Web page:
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Tips for Intergenerational Learning


Spending time with grandparents is an important part of a child’s life. The grandparent-grandchild bond is generally very strong and can often provide opportunities for learning to occur. Here are some tips for encouraging intergenerational learning.

“Over the river, and through the wood,
To Grandfather’s house we go;
the horse knows the way to carry the sleigh
through the white and drifted snow.”
(“Thanksgiving Day” by Lydia Maria Child)

Spending time with grandparents is an important part of a child’s life. (Tweet this) The grandparent-grandchild bond is generally very strong and can often provide opportunities for learning to occur. Here are some tips for encouraging intergenerational learning.

Create opportunities for your kids to talk with their grandparents. Our lives are often busy and despite our best intentions, we can often forget to make time for extended family. Scheduling visits to “grandmother’s house,” gathering together for holidays, and getting together to celebrate birthdays are just a few of the many ways to create opportunities for your kids to interact with their grandparents. For families that live in close enough proximity, asking your parents to babysit your kids can be another great opportunity to grow that bond.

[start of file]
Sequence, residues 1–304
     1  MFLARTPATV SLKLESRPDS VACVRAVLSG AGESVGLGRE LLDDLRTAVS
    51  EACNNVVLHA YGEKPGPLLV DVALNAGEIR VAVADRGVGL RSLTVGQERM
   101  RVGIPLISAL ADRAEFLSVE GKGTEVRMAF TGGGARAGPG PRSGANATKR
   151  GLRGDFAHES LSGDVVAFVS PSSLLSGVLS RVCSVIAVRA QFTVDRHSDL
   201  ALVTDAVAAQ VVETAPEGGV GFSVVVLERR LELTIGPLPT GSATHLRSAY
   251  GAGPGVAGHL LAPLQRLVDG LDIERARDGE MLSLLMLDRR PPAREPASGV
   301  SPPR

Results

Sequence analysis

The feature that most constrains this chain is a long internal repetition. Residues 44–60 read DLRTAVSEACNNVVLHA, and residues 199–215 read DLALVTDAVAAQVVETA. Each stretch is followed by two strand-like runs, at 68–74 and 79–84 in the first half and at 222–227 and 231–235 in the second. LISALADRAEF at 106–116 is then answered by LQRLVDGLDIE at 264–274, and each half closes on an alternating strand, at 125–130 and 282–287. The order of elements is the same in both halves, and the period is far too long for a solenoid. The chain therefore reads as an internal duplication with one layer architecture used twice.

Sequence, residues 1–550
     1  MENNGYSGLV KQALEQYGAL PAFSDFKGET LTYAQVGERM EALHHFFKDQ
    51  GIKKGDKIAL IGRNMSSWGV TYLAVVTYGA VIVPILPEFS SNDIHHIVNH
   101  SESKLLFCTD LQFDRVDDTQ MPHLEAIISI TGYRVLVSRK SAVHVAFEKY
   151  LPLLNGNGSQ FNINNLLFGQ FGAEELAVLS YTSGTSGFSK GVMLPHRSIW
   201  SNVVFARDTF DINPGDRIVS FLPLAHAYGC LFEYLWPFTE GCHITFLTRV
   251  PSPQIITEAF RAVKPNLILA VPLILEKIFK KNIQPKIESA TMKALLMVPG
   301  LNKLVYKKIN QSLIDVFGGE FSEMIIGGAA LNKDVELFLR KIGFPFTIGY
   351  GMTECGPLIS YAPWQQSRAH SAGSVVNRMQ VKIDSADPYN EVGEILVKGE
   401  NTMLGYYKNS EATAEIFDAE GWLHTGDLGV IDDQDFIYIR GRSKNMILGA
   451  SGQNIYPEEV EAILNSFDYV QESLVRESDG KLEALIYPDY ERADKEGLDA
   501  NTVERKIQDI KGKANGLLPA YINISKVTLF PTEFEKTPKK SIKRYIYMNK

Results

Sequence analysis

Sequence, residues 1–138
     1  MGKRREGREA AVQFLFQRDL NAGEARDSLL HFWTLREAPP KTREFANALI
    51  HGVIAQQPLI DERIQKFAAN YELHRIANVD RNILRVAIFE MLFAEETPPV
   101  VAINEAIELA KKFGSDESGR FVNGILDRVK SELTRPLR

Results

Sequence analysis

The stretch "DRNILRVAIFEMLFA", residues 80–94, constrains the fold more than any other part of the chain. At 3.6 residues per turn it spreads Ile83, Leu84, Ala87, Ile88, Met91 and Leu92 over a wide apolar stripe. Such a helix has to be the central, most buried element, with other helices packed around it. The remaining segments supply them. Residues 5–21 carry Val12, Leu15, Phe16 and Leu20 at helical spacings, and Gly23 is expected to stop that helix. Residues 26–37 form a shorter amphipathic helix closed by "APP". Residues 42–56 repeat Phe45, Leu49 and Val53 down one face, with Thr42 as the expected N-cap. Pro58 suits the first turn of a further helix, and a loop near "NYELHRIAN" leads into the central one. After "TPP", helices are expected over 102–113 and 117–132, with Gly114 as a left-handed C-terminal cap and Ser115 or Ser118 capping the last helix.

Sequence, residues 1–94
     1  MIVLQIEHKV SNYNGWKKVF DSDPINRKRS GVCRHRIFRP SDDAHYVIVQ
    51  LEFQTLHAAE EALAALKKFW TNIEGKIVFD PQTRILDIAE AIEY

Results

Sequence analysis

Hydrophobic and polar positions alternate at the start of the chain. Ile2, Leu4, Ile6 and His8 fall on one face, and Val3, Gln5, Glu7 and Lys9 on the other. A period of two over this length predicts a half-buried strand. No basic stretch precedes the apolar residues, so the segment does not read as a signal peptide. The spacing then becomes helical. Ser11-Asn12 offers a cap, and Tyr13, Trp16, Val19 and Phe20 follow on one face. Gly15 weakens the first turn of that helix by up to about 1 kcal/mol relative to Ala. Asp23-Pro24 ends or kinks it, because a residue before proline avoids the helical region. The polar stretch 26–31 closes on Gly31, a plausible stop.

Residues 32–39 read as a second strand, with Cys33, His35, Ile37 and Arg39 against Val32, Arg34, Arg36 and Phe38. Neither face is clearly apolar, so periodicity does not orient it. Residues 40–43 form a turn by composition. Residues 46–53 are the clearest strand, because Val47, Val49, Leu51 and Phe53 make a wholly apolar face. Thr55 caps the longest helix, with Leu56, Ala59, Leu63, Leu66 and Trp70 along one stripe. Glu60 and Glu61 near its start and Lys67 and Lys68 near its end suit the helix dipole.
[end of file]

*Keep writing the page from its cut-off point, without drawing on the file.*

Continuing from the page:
Ask for their advice and have your kids ask them for advice as well. We as parents can learn from the advice, wisdom, and insight of our own parents who often have much more experience parenting than we ourselves do. In addition, this wisdom and experience can also benefit our kids. And during the teenage years when teens may not be as open or accepting advice from their parents, they are often more receptive of advice given by their grandparents. Bear in mind that how we treat our parents will influence how our children treat us when they become adults. If we respect, honor, and cherish our parents, our kids will be more likely to respect, honor, and cherish us.

Have your kids teach their grandparents how to use technology. Most kids growing up today are quite adept at using technology. Whether it’s the latest smartphone, tablet, or iPod, our kids know how to operate all those fancy gadgets. The great thing about asking kids to help teach their grandparents how to use technology is that it makes them feel like technology ‘experts’ and validates their knowledge and skillfulness. Many grandparents would welcome helpful instruction especially if it meant having the chance to spend some quality with their grandkids.

One of the best gifts we can give our children is the opportunity to spend time with their grandparents. (Tweet this) Strengthening the bonds of family is rewarding for everyone and creating memories with loved ones is an opportunity to bring joy and happiness into our lives and the lives of our children.

Part four of a four part series on generational learning.

Part 1 – Why Generational Learning Is Important
Part 2 – Williamsburg with My Grandmother
Part 3 – Intergenerational Learning: Insight from Research Studies
Part 4 – Tips for Intergenerational Learning




About Ethan Demme

Ethan Demme is the President and CEO of Demme Learning and is passionate about building lifelong learners. Ethan is an elected member of the board of supervisors in East Lampeter Township, PA. He has never backed down from a challenge, especially if it's outdoors, and is currently into climbing big mountains and other endurance sports. An active member of his local community, Ethan is a well-socialized homeschool graduate who holds a B.A. in Communication Arts from Bryan College.


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